Delaying care can turn to regrettable results

Delaying care can turn to regrettable results

How bleak outcomes and preventable complications arise from waiting too long to seek care   

As the High Desert continues its fight against COVID-19, fears of contracting the virus have led to many instances of delaying care. This is the first installment of a multi-part series highlighting the effects of waiting too long to seek medical attention and the precautions St. Mary Medical Center is taking to keep our patients safe. If you or anyone you know is in need of vital emergency care, please call 9-1-1.

APPLE VALLEY (Sept. 8, 2020) – More than six months into the COVID-19 pandemic, a sometimes deadly and often preventable side-effect of the disease has emerged.

The fear of seeking needed medical treatment across our community has cascaded into unwarranted complications, a problem that has resulted in devastating consequences. Although concerns from contracting COVID-19 at hospitals has presented itself as a major threat to the overall health and well-being of the community, the issue has remained relatively out of public view.

According to a California Hospital Association August survey, 20 percent of respondents said they had delayed care or not sought it at all for a serious medical condition other than COVID-19 during this pandemic. Sixty-one percent cited concerns over contracting the virus when asked why they would be reluctant to seek medical care during this time.

At the local level, these fears have manifested into many instances of preventable complications, including death. While many of the more severe consequences of delaying care stem from heart attacks and strokes, the scope of the issue stretches far beyond these two medical events.

“One area where I have seen people delay care is diabetics with foot infections,” St. Mary Medical Center’s lead emergency department physician Ali Ebrahim, MD, said. “This is a complicated disease to begin with, so the earlier people seek care, the better their chances of a good outcome.

“I have seen people delay care and then require some form of amputation.”  

As the epicenter for treatment, hospitals across the country have launched extensive and rigorous safety precautions to limit the exposure of COVID-19.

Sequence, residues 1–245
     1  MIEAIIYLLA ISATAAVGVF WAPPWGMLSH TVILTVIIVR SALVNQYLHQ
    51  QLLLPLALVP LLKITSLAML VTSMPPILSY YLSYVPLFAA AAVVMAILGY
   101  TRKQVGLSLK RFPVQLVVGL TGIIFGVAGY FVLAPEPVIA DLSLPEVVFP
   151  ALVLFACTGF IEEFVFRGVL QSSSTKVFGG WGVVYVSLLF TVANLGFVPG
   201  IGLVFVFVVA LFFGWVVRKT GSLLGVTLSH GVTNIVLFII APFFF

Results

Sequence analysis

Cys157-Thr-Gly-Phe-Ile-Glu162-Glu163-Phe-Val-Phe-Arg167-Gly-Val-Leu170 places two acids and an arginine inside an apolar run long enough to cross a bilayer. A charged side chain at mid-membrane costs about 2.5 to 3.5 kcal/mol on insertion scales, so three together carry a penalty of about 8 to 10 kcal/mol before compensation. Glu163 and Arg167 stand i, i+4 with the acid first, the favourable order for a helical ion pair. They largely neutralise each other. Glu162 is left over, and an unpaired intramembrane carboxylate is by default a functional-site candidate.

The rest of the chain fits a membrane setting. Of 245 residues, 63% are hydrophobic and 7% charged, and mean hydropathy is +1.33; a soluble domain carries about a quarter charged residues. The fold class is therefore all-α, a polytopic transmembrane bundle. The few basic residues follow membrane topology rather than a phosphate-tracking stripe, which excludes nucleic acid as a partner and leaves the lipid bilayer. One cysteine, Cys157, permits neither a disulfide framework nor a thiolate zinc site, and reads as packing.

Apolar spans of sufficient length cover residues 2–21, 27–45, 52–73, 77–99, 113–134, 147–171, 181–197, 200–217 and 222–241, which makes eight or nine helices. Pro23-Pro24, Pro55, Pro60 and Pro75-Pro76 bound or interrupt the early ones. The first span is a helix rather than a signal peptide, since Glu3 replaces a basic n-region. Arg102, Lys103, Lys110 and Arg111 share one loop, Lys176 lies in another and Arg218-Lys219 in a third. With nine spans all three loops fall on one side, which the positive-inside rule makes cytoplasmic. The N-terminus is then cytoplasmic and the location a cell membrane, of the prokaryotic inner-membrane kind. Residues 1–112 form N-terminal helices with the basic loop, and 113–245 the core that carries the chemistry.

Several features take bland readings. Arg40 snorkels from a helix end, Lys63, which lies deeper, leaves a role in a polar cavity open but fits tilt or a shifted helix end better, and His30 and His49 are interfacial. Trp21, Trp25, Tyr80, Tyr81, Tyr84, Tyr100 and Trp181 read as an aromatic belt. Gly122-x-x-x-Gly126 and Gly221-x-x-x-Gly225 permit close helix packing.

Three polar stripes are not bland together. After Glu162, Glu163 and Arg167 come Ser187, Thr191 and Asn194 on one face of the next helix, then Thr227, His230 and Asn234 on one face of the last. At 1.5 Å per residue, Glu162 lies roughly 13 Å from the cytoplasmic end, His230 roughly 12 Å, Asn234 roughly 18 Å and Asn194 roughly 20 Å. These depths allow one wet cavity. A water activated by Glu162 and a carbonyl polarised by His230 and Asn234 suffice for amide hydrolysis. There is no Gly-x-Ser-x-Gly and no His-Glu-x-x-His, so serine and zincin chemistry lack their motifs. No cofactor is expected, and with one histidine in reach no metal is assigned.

At St. Mary, many preventative measures and safeguards have been taken to ensure patient safety. Among these efforts, St. Mary has established surge planning, restricted hospital access to essential personnel, created isolation pods to treat those with COVID-19 and instituted a multi-layered screening process.

St. Mary is also equipped with a COVID-19 task force of physician leaders, executives, infection-prevention staff and other regional leaders who meet daily to examine and review all safety and infection-prevention strategies. This group of physicians and caregivers are highly skilled and are dedicated to ensuring prevention measures are extensive and thorough.

Despite these safety precautions, St. Mary continues to see a sharp decline in patient volumes and emergency department visits — roughly 40 percent between March and July. Complimenting this drop off has been a stark increase in non-COVID related complications — a jarring reminder of the far-reaching and unintended effects of the disease.

“We have taken and continue to take and adjust our safety protocols to meet the latest guidelines and recommendations,” Ebrahim said. “In fact, in most ways, you will be safer in the hospital setting than in the community as everyone is required to follow guidelines.

“Please don’t be afraid to seek care.”

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